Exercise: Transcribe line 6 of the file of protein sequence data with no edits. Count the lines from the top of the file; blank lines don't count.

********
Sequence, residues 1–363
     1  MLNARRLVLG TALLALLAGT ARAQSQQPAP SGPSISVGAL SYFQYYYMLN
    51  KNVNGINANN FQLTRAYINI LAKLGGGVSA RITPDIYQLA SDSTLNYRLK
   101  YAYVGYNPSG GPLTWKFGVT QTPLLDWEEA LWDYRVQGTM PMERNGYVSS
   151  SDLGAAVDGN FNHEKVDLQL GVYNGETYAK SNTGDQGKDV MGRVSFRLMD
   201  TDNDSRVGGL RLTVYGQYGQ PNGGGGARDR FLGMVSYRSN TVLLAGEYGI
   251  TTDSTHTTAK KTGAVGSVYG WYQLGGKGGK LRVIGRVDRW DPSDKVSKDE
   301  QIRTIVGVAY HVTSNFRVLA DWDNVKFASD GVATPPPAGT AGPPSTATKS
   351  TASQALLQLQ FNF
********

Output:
   201  TDNDSRVGGL RLTVYGQYGQ PNGGGGARDR FLGMVSYRSN TVLLAGEYGI